February 18, 2009 - Dems signal willingness to cut deal on open primaries
Paper: Daily Review, The ( Hayward, CA)
Title: Dems signal willingness to cut deal on open primaries
Date: February 18, 2009
Author: Steven Harmon MediaNews Sacramento Bureau
SACRAMENTO — It all sounds so intriguing. Just sprinkle in an open primary as a sweetener to budget negotiations, and not only would you get the last Republican vote to close a projected $42 billion deficit, but you would ensure that future Legislatures would be composed of more temperate souls who would avoid the partisan bickering and standoffs that have left the state teetering on the brink of insolvency.
That's the theory, but the politics are much more Byzantine.
After initially rejecting Santa Maria Republican Sen. Abel Maldonado's demand to include an open primary measure as part of the budget deal, legislative Democrats on Wednesday were signaling a willingness to consider his demand.
Though both parties have long rejected open primaries, Democrats apparently now see Maldonado's demand as perhaps their last, best chance to get a deal. It would only be a promise to put the issue on the 2010 ballot.
"That's a terrible precedent," said Bob Mulholland, campaign adviser to the state Democrats. "That starts a train wreck. In a few months, when we're dealing with more budget issues, you'll have somebody else holding it hostage to their pet project."
A Republican leader who asked not to be named to avoid getting in the middle of fast-moving negotiations called the possible deal "Machiavellian" and said that open primaries would devastate parties and put elections and campaigns further in the hands of special interest groups. As talks went on into the night, a question that remained was if Assembly Republicans already committed to voting for a tax increase would go along.
"In general, the open primary is a good issue," said Marty Wilson, a GOP political consultant,"But whether it can be negotiated as a part of a budget solution, I wouldn't be very optimistic. I just don't see how a very partisan Legislature on both sides would let something like that go forward."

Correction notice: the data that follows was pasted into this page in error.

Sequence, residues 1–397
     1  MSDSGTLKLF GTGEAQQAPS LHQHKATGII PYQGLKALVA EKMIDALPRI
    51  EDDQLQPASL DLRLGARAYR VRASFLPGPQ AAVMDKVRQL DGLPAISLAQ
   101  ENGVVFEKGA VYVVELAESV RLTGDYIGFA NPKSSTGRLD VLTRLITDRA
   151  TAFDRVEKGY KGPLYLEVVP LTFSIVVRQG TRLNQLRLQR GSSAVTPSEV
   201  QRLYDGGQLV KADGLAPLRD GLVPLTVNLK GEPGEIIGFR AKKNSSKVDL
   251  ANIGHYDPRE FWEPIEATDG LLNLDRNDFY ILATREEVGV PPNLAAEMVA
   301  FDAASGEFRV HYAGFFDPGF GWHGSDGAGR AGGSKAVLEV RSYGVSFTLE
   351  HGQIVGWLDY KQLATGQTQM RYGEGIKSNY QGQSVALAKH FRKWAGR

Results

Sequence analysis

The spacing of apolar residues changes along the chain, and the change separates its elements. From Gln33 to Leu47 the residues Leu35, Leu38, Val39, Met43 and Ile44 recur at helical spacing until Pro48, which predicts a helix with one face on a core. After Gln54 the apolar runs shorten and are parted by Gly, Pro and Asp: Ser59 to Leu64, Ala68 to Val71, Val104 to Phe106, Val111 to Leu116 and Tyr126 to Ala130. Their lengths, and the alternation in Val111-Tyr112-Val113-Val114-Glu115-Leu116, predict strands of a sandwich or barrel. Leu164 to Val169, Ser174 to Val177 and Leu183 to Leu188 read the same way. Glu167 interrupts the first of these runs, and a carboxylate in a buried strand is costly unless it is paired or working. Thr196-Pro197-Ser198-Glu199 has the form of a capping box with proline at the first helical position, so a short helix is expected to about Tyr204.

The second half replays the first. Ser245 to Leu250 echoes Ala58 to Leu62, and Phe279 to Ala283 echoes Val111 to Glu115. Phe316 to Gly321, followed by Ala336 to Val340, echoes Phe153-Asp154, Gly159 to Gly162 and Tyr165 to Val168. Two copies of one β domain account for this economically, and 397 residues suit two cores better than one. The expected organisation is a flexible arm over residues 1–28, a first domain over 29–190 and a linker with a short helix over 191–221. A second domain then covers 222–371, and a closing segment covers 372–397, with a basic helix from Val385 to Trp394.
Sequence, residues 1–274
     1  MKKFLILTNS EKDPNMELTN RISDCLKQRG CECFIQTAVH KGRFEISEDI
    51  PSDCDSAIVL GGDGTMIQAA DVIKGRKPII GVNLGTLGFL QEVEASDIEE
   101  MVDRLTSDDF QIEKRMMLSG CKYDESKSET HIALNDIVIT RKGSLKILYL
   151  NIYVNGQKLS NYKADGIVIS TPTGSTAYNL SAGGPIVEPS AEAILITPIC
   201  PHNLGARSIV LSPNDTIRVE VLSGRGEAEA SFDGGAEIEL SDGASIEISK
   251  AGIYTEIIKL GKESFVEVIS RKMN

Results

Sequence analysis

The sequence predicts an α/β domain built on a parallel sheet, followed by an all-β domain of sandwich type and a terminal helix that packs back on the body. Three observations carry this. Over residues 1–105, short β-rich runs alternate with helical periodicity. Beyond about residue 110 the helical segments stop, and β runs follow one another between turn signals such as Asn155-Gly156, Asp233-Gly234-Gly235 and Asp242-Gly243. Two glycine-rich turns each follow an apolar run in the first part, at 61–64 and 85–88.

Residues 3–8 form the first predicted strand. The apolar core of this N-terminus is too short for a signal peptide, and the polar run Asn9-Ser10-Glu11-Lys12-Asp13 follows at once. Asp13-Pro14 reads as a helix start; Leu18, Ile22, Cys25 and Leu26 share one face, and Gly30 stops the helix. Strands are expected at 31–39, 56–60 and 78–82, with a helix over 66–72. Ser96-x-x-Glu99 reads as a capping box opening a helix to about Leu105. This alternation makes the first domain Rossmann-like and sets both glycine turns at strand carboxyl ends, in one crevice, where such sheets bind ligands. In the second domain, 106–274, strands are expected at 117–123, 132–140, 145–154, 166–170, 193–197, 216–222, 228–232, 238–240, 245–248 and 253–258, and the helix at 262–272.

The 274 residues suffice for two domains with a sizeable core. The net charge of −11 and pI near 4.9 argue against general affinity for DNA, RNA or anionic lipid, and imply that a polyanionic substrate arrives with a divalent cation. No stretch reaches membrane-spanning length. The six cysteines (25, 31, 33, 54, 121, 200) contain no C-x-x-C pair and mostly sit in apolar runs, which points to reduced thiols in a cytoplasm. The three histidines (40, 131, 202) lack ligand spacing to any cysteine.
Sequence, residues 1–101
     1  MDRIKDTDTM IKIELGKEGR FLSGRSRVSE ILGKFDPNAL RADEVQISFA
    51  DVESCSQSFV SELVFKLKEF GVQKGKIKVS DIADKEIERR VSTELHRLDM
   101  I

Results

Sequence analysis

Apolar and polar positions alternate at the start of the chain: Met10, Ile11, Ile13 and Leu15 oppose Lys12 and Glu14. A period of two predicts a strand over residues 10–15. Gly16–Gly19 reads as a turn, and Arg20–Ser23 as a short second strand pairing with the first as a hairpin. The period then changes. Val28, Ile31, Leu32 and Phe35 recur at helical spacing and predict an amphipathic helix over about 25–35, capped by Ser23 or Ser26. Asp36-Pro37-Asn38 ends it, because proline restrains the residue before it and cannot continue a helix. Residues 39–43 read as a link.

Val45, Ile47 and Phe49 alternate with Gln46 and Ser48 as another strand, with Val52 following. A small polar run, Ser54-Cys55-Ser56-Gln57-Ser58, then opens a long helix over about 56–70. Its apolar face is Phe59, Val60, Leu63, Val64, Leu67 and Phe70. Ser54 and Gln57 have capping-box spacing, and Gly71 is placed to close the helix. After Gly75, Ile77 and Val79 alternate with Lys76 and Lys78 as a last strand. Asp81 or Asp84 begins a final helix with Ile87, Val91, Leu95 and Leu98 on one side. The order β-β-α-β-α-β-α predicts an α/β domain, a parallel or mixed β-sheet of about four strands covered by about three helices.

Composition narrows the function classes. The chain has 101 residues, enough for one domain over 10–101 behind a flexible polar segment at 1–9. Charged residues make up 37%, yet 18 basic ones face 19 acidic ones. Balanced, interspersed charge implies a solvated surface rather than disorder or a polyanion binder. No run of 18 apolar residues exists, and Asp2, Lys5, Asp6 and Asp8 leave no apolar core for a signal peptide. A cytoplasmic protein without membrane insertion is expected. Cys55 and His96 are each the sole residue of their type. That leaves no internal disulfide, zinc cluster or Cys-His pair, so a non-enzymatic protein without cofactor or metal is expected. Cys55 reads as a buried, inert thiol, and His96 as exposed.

Democrats already negotiated program cuts, buckled on a spending cap long sought by conservatives, and gave in on tax breaks to multistate and multinational corporations that could cost the state $1.5 billion a year, among other concessions.
They provided millions in tax relief to one lawmaker's district in order to win his vote. Looming are the layoff notices to 20,000 state workers and the shutdown of hundreds of construction projects at a cost of $400 million just to start them up again.
"The advantage is exaggerated," said Bruce Cain, director of UC Berkeley Center in Washington, D.C. "Likely, some moderates would be elected. But would it change the composition of the Legislature? Would it make it a less partisan place? I don't know."
In the current closed primary system, winners of the hyperpartisan primaries rarely face more than token opposition in the general election and coast to victory — leaving many voters stranded and without a true choice, proponents say.
In an open primary, the two top vote getters would face off against each other in the general election, regardless of party. Conceivably, two Democrats could be vying for the vote of all voters in a safe Democratic district, and vice versa in Republican districts.
Either one or both candidates would theoretically adjust his or her campaign to appeal to the cross section of voters — or at least the one that did would stand a better chance of winning.
And voilà! You have a Legislature filled with pragmatic centrists willing to do the state's business, unfettered by party concerns. That's what lawmakers want, right?
Wrong, said Bob Stern, president of the Center for Government Studies. The unstated fear among party officials, he said, is that open primaries would produce lawmakers — those pragmatic centrists — who wouldn't tow the party line.
"Both parties have that fear," Stern said. "It would be difficult to impose party discipline." Even so, more moderates wouldn't necessarily result in more decisive action, Stern said.
"You might get more Correas," Stern said, referring to Orange County Democratic Sen. Lou Correa, who initially resisted voting for a tax increase out of fear of being punished by conservative constituents in his next election. He later committed to voting for it after being promised millions of dollars in property tax relief for schools in his district.
"It could work the other way," he said. "It could mean more timid legislators."
Index Terms: News
Record Number: 11736210
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